Wednesday, February 22, 2006

Search Keywords - Relationship between Pipes-and-Filters and Decorator design patterns

An article on the implementation of both Pipes-and-Filters architectural design pattern and Decorator pattern to address similar solution in .NET 2.0.
For more details and source code for my article please go to this Location on Codeproject.


The article provides an implementation of the simple problem using both Pipes-and-Filters architectural pattern and Decorator pattern, and explores a relationship between them, if any.

Pipes-and-Filters Pattern - An architectural design pattern


The Pipes and Filters architectural pattern provides a structure for systems, having components that process a stream of data (filters) and connections that transmit data between adjacent components (pipes). This architecture provides reusability, maintainability, and decoupling for the system processes having distinct, easily identifiable, and independent but somehow compatible tasks.
The usage of Pipes and Filters pattern is limited to systems where the order in which filters are processed is strongly determined and sequential in nature. The pattern applies to problems where it is natural to decompose the computation into a collection of semi-independent tasks. In the Pipeline pattern, the semi-independent tasks represent the stages of the pipeline, the structure of the pipeline is static, and the interaction between successive stages is regular and loosely synchronous. A pipeline is a definition of steps/tasks that are executed to perform a business function. Each step may involve reading or writing to data confirming the “pipeline state,” and may or may not access an external service. When invoking an asynchronous service as part of a step, a pipeline can wait until a response is returned (if a response is expected), or proceed to the next step in the pipeline if the response is not required in order to continue processing.
Use the pipeline pattern when:
  • You can specify the sequence of a known/determined set of steps.
  • You do not need to wait for an asynchronous response from each step.
  • You want all downstream components to be able to inspect and act on data that comes from upstream (but not vice versa).
Advantages of the pipeline pattern include:
  • It enforces sequential processing.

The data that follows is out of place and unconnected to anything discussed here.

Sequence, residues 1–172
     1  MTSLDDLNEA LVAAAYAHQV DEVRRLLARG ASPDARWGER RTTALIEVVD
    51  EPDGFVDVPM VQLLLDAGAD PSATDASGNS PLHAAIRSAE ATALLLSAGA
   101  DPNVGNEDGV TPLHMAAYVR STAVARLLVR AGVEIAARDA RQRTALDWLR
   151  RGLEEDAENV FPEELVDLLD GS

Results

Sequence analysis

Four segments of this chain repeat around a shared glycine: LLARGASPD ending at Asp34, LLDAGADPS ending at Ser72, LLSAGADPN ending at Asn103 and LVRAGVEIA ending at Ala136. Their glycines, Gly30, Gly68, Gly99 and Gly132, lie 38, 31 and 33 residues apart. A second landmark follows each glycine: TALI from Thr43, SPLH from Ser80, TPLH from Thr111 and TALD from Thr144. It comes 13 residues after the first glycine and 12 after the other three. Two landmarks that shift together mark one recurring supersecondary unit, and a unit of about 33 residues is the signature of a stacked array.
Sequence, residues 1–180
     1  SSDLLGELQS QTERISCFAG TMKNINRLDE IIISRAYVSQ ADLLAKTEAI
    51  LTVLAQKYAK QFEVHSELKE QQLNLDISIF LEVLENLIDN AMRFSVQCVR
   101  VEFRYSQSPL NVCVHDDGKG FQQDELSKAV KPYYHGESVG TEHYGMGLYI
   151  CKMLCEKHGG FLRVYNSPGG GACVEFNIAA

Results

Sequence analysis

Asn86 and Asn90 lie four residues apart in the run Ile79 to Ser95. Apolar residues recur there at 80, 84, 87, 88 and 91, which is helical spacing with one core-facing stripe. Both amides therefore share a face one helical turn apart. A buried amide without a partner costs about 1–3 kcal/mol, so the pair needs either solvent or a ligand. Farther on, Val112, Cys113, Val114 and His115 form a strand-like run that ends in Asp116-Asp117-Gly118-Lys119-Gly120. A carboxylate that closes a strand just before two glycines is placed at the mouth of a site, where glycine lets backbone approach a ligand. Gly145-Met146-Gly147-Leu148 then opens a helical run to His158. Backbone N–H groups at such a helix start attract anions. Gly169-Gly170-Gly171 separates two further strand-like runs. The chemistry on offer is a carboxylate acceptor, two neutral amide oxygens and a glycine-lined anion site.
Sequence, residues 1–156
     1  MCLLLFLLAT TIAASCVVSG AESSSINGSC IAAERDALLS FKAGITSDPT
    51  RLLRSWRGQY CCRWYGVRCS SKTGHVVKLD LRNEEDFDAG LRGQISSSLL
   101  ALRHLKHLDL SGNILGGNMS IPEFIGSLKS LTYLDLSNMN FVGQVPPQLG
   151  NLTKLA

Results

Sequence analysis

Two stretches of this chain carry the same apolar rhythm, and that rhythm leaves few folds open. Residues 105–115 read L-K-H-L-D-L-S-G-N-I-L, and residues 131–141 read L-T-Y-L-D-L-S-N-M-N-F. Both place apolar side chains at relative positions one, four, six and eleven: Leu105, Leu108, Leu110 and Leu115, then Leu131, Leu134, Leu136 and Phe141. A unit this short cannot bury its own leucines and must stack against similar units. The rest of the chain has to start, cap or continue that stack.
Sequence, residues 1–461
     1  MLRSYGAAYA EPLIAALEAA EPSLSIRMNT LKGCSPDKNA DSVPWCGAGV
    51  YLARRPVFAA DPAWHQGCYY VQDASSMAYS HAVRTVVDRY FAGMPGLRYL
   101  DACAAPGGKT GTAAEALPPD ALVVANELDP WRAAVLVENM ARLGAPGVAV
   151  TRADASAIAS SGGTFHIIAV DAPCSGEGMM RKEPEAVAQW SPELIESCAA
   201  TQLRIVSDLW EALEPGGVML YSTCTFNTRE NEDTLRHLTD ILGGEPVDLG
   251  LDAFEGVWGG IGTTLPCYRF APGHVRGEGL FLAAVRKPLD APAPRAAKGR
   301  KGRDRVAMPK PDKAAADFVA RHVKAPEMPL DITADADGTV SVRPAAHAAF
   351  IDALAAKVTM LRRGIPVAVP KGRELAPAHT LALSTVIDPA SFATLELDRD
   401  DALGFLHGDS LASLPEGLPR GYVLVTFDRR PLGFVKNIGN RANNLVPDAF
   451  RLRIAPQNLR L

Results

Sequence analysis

• It is easy to wrap it in an atomic transaction.
Disadvantages of the pipeline pattern include:
  • The pattern may be too simplistic to cover all cases in business logic, especially for service orchestration in which you need to branch the execution of the business logic in complex ways.
  • It does not handle conditional constructs, loops, and other flow control logic as it's mostly sequential in nature.



The filters are the processing units of the pipeline. A filter may enrich, refine, process, or transform its input data.
  • It may refine the data by concentrating or extracting information from the input data stream and passing only that information to the output stream.
  • It may transform the input data to a new form before passing it to the output stream.
  • It may, of course, do some combination of enrichment, refinement, and transformation.
A filter may be active (the more common case) or passive.
  • An active filter runs as a separate process or thread; it actively pulls data from the input data stream and pushes the transformed data onto the output data stream.
  • A passive filter is activated by either being called:
    • as a function, a pull of the output from the filter.
    • as a procedure, a push of output data into the filter.


The pipes are the connectors having the following links between a data source and the first filter, between filters, between the last filter and a data sink. As needed, a pipe synchronizes the active elements that it connects together.

Data source

A data source is an entity (e.g., a file or input device) that provides the input data to the system. It may either actively push data down the pipeline or passively supply data when requested, depending upon the situation.

Data sink

A data sink is an entity that gathers data at the end of a pipeline. It may either actively pull data from the last filter element or it may passively respond when requested by the last filter element. 
For more details and source code for my article please go to this Location on Codeproject.